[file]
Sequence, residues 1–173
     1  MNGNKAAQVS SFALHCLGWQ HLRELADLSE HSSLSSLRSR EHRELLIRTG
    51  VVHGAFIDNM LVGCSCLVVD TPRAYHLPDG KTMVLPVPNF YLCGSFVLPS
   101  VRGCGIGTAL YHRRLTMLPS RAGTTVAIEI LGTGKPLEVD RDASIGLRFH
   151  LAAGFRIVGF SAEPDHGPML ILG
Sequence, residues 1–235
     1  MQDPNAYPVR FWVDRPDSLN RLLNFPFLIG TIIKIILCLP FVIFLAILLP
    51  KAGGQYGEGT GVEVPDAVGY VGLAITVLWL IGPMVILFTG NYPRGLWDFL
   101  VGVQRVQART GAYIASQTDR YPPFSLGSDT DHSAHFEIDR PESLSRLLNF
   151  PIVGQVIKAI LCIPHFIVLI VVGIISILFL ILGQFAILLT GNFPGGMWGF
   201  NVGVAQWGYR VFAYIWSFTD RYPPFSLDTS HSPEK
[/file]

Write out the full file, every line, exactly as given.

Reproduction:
Sequence, residues 1–173
     1  MNGNKAAQVS SFALHCLGWQ HLRELADLSE HSSLSSLRSR EHRELLIRTG
    51  VVHGAFIDNM LVGCSCLVVD TPRAYHLPDG KTMVLPVPNF YLCGSFVLPS
   101  VRGCGIGTAL YHRRLTMLPS RAGTTVAIEI LGTGKPLEVD RDASIGLRFH
   151  LAAGFRIVGF SAEPDHGPML ILG
Sequence, residues 1–235
     1  MQDPNAYPVR FWVDRPDSLN RLLNFPFLIG TIIKIILCLP FVIFLAILLP
    51  KAGGQYGEGT GVEVPDAVGY VGLAITVLWL IGPMVILFTG NYPRGLWDFL
   101  VGVQRVQART GAYIASQTDR YPPFSLGSDT DHSAHFEIDR PESLSRLLNF
   151  PIVGQVIKAI LCIPHFIVLI VVGIISILFL ILGQFAILLT GNFPGGMWGF
   201  NVGVAQWGYR VFAYIWSFTD RYPPFSLDTS HSPEK